Senior Center Fall Term to Be Virtual Via Zoom

The fall term of the Masters Series presented by the Pasadena Senior Center will be virtual via Zoom Tuesdays, Sept. 22, to Oct. 13, from 2-4 p.m. and will be titled “The Power of Theater.”
The four sessions of the series, which embraces lifelong learning, will explore topics from adaptations and playwrights to Greek origins, socially relevant musicals and plays based on fact.
Beverly Olevin, director, playwright, teacher and award-winning novelist, will present the weekly, interactive classes, which will include scenes from plays that explore the conflicts, joys and journeys of our lives and reveal what makes us laugh, touches our hearts and helps us live richer lives.
• Sept. 22: Novels Turned Into Stage Plays — A great novel does not necessarily make a great play. They are two very different art forms. Explore examples of successful adaptations from novel to stage, including “Crime and Punishment,” “Moby Dick,” “Lord of the Flies” and “To Kill a Mockingbird.”
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Civil Rights Documentary at Senior Center Aug. 27

Photo courtesy Getty Images
Fannie Lou Hamer, Victoria Jackson Gray and Annie Devine reading a telegram at the U.S. Capitol Building in 1965 from Speaker of the House granting them permission to be seated on the House floor during the debate about the newly elected representatives from Mississippi.

An award-winning documentary “Standing on My Sisters’ Shoulders” will be shown for free Thursday, Aug. 27, at 2 p.m. online via Zoom, presented by the Pasadena Senior Center as part of its Cultural Thursdays series. It chronicles the vital role played by women in the Mississippi Civil Rights movement from the point of view of the women who lived it and changed history in the face of a hostile and violent segregated society.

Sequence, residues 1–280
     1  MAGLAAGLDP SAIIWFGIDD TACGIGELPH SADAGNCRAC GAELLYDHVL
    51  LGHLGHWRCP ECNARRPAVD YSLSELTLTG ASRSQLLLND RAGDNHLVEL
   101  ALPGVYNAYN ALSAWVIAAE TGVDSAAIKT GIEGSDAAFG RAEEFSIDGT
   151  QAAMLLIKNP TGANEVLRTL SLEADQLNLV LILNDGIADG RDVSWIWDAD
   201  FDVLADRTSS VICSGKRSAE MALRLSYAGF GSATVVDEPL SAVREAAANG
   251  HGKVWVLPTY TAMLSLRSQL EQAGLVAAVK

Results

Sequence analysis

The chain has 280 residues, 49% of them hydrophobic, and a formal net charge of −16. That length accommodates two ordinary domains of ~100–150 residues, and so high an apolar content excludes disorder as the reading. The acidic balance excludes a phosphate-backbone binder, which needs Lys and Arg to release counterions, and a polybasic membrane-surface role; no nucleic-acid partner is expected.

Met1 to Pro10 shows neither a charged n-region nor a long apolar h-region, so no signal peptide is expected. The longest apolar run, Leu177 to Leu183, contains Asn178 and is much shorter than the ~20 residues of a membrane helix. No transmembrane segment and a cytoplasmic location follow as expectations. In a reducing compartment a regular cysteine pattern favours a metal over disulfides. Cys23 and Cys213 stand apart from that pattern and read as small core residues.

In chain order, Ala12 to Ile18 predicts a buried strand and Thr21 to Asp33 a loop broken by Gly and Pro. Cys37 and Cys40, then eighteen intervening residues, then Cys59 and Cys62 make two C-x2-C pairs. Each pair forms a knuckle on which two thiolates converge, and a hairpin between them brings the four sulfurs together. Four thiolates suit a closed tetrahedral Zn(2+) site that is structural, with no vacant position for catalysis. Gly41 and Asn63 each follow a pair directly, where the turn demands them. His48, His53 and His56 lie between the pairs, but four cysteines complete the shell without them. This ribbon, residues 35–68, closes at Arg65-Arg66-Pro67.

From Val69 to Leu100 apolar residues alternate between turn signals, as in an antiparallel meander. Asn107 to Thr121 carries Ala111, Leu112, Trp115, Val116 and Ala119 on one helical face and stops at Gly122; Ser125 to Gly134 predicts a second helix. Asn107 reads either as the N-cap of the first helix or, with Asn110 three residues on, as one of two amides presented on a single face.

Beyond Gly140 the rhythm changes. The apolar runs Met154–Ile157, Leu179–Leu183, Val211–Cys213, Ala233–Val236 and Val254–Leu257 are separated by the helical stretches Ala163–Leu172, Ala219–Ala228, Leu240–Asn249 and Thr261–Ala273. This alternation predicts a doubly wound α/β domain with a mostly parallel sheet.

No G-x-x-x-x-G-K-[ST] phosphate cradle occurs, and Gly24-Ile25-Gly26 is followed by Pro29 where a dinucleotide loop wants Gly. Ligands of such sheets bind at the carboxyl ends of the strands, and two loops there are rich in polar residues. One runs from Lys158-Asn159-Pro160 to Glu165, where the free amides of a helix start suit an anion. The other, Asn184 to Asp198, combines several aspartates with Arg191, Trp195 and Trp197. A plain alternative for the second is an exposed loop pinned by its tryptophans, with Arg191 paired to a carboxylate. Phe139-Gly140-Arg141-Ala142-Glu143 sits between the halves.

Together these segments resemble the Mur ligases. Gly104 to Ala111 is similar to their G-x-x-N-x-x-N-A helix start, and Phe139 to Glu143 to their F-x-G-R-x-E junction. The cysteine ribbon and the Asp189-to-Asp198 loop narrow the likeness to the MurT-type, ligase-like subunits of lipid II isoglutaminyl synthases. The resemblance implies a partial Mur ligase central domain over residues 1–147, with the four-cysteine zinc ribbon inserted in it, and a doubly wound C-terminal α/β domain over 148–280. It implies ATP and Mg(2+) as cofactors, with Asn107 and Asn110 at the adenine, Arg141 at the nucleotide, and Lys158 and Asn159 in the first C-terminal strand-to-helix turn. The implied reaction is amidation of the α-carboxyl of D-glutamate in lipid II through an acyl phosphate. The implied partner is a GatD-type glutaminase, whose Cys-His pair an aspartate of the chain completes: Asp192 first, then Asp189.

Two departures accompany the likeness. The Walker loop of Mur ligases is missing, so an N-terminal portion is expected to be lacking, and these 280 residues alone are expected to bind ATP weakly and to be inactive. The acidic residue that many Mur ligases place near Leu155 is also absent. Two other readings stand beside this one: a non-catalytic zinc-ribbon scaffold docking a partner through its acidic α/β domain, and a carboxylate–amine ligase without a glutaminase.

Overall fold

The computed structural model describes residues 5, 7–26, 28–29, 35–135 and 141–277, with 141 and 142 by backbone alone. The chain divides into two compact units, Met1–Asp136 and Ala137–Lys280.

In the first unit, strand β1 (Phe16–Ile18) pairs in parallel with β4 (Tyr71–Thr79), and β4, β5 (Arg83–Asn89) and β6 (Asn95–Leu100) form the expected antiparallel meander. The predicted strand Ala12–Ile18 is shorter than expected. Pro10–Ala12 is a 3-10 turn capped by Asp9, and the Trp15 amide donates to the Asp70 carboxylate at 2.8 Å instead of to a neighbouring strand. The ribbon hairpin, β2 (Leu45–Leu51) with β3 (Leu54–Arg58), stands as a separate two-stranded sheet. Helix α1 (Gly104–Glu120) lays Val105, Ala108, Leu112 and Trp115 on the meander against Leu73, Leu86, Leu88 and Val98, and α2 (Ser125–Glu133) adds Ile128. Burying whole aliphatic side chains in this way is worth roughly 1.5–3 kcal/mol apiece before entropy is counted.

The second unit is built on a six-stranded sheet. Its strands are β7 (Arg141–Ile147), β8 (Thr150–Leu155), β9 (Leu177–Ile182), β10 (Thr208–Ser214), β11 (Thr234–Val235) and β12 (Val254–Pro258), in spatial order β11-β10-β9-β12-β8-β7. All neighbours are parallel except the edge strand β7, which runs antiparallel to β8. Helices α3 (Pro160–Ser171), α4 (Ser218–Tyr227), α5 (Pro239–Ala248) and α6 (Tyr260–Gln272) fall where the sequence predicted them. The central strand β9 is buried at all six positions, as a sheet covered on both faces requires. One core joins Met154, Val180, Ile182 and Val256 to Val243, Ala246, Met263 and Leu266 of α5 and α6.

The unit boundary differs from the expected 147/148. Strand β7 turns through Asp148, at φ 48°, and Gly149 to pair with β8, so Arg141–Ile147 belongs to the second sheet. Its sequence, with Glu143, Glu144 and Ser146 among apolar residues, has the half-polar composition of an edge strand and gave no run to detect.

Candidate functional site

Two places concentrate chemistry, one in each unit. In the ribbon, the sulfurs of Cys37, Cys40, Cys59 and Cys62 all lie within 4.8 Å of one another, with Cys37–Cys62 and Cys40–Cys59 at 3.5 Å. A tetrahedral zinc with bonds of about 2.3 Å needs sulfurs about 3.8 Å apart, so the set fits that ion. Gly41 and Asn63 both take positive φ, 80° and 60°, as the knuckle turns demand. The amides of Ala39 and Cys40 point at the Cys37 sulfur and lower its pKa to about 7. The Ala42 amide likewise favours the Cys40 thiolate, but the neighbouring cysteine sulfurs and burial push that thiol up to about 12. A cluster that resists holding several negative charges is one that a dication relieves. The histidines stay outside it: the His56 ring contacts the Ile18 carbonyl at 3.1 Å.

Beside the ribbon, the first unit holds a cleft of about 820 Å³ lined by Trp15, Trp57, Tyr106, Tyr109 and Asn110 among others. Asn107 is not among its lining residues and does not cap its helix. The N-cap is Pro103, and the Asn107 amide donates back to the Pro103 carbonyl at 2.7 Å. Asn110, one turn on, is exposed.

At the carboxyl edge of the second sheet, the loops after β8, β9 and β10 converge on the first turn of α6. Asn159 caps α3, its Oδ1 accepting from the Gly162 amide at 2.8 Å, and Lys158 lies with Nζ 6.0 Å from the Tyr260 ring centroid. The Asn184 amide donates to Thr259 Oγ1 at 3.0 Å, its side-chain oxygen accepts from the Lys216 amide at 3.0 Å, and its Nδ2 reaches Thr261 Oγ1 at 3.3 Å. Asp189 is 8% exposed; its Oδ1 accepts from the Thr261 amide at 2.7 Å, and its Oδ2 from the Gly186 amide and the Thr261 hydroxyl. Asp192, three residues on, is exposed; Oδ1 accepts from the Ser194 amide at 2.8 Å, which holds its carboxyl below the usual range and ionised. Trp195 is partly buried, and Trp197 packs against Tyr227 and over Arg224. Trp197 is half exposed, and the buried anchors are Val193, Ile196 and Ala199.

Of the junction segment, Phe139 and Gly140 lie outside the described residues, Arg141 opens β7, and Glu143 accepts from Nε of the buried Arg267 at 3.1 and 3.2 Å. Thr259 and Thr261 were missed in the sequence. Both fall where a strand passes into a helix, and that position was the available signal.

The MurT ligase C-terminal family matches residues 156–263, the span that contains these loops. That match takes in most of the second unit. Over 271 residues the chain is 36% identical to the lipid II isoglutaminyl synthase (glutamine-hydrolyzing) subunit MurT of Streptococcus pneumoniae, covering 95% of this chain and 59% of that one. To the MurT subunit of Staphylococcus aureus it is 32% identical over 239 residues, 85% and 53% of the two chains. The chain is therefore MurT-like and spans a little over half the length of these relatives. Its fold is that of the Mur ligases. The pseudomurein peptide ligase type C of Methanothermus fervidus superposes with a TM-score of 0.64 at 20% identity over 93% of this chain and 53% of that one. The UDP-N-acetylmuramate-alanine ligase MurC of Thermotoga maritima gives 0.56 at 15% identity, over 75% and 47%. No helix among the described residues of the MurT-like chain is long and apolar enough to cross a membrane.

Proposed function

In Civil Rights history, national leaders such as Dr. Martin Luther King Jr., Medgar Evers, John Lewis and Julian Bond rose to prominence and captured the public’s attention.
But in Mississippi, the success and power behind the movement was a grass roots base of ordinary black women whose acts of defiance and courage were able to make great headway in that state. Yet most people have never heard of Victoria Gray Adams, Unita Blackwell, Mae Bertha Carter, Annie Devine, Fannie Lou Hamer, and so many other women who saw an opportunity to emerge as activists in Mississippi’s Civil Rights movement.
Members as well as nonmembers of the Pasadena Senior Center are invited to participate. Residence in Pasadena is not required.

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Older Adulthood Should Be Embraced, Celebrated

By Sandy Greenstein
Special to The Outlook

Photo courtesy Pasadena Senior Center
Sandy Greenstein, president of the Pasadena Senior Center board, is pictured with the organization’s executive director, Akila Gibbs.

Myths, assumptions and stereotypes about older adults abound, even two decades into the 21st century: Most are disconnected from the mainstream, stuck in the past, a crotchety and feeble bunch, no longer bring value to the workplace … and the list goes on. The fact is that older Americans today in their 60s, 70s, 80s and beyond are leading longer, healthier lives than their parents and grandparents ever could have hoped for.